The first black woman to serve as Dallas County District Attorney serves as grand Marshal of the Dallas Martin Luther King Day Parade Monday.
Former State District Judge Faith Johnson said she is proud to be an example of diversity and inclusion in her new position after many years of experience in the Dallas County Criminal Justice system.
Johnson, 66, was sworn in Jan. 2 after Gov. Greg Abbott appointed her to fill the unexpired term of Susan Hawk who resigned last year.
Johnson said she applied for the position to help restore trust in the District Attorney’s Office in the wake of controversy that surrounded the past two top prosecutors.
“I could make more money too if I wanted to, if it was all about that. But you know, I looked at what was happening in Dallas County. I looked at what was happening with this office and I said ‘God, something needs to happen. You need to put somebody in there that can make a difference,’” she said.
Johnson was the youngest of 13 children growing up with her parents and in Atlanta, Georgia.
She attended Texas Southern University Law School in Houston and wound up working as a young prosecutor in the Dallas County District Attorney’s Office in 1982.
The latest news from around North Texas.
Johnson served 17 years as a Republican Judge in the 363rd District Court in Dallas and remains loyal to the Republican Party.
“When I looked at that platform back then, I thought I can relate to that because it lines up with a lot of my Christian values,” Johnson said.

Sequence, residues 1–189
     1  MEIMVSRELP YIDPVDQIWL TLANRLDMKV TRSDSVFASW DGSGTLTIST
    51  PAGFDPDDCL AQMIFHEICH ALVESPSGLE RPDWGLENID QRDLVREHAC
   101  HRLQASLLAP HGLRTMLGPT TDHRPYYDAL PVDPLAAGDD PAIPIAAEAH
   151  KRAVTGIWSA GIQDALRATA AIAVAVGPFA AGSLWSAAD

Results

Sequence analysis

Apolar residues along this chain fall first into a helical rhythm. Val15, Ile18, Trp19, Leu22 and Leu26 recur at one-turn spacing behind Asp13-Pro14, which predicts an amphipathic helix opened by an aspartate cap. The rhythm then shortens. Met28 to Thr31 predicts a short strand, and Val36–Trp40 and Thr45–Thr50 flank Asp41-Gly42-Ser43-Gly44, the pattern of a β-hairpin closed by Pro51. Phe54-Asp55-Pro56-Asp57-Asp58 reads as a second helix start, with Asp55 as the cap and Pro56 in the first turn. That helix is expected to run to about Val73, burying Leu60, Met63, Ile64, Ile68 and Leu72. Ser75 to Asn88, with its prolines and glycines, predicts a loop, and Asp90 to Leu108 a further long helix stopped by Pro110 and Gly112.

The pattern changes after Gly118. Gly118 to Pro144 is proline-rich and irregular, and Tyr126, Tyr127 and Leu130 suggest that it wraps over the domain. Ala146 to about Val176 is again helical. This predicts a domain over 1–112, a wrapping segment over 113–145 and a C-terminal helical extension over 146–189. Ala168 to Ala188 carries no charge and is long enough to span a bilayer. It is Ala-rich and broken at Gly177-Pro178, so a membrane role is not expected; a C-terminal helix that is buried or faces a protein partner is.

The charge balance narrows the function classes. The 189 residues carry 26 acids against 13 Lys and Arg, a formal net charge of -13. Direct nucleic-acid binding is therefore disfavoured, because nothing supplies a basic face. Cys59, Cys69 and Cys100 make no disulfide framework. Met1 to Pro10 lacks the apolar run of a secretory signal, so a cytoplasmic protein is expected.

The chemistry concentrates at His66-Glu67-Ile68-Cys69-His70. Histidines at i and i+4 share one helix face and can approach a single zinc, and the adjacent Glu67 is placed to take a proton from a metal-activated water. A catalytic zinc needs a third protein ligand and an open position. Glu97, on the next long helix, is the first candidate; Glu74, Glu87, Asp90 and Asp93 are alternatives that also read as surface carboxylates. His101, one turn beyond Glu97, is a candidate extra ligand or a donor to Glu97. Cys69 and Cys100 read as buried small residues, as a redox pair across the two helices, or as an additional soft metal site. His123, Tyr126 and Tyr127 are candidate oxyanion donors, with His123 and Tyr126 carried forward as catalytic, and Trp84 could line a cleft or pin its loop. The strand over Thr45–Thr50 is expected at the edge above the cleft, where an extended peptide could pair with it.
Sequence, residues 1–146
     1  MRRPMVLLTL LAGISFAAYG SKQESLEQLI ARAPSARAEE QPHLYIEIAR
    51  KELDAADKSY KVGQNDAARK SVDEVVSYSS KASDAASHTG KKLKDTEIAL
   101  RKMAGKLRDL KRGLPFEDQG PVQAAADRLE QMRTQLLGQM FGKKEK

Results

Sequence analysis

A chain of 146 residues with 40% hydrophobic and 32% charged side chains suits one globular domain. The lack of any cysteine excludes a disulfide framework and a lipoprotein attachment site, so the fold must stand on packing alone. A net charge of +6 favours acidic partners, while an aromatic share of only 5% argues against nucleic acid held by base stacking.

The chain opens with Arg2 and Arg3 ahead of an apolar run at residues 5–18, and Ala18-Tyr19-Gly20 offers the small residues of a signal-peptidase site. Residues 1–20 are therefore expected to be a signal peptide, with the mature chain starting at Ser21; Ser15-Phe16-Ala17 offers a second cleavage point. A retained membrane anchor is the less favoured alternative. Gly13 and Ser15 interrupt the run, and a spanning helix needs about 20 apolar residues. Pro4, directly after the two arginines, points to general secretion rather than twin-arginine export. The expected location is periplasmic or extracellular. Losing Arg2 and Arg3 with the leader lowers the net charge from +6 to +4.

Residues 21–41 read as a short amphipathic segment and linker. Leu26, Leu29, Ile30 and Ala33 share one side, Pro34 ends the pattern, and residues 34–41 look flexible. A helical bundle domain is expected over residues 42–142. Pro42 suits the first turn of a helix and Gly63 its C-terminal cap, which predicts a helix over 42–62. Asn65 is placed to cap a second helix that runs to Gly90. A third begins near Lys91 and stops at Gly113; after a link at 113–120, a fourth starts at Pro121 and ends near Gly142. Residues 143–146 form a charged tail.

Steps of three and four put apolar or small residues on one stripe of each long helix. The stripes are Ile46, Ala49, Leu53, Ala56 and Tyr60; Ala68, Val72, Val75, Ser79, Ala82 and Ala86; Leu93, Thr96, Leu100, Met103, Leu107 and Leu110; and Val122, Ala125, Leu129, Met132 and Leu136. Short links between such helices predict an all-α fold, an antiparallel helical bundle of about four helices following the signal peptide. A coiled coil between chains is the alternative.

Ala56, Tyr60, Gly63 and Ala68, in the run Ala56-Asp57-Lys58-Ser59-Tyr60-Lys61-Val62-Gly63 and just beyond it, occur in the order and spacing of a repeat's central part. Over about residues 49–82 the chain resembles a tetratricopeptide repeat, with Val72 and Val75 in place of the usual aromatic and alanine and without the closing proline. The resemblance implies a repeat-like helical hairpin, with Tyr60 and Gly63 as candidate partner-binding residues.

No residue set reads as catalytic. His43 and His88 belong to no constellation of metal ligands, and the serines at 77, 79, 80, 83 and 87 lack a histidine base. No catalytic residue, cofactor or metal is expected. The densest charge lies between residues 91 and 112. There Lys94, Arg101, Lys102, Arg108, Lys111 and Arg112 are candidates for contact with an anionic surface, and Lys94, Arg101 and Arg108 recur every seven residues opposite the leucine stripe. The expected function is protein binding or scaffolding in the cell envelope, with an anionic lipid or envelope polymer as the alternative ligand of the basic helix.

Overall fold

In a Democratic sweep of Dallas County Offices, she was voted off the bench in 2006. She closed her private law practice to accept the job as top prosecutor.
Johnson said she is making a point of knowing all her staff, walking the halls of the courthouse and meeting the young prosecutors who now hold the position she once held.
“They say I’ve been here 10 years, and I never met the DA. And they were so excited about simply meeting me,” Johnson said.
Her predecessor Susan Hawk was frequently absent undergoing mental health treatment in nearly two years as District Attorney.
Republican Hawk defeated Democrat Craig Watkins who completed two controversial terms after being elected in the 2006 Democratic sweep that sent Judge Johnson to private practice.
Johnson said she wants to rebuild the unit that cleared wrongfully convicted defendants and expand community outreach.
Johnson is working with the Dallas City Attorney to put felony prosecutors in satellite offices where City Community Prosecutors work already. She wants to make it easier for victims to file cases for crimes.
“I want to make this office accessible to people,” Johnson said. “We are here representing everybody. We want to make sure that everybody gets justice, everybody gets fairness in this office. That’s what I’m excited about.”
Johnson promises to give the Dallas County District Attorney’s Office 110 percent effort and run as a Republican for election to the post in two years.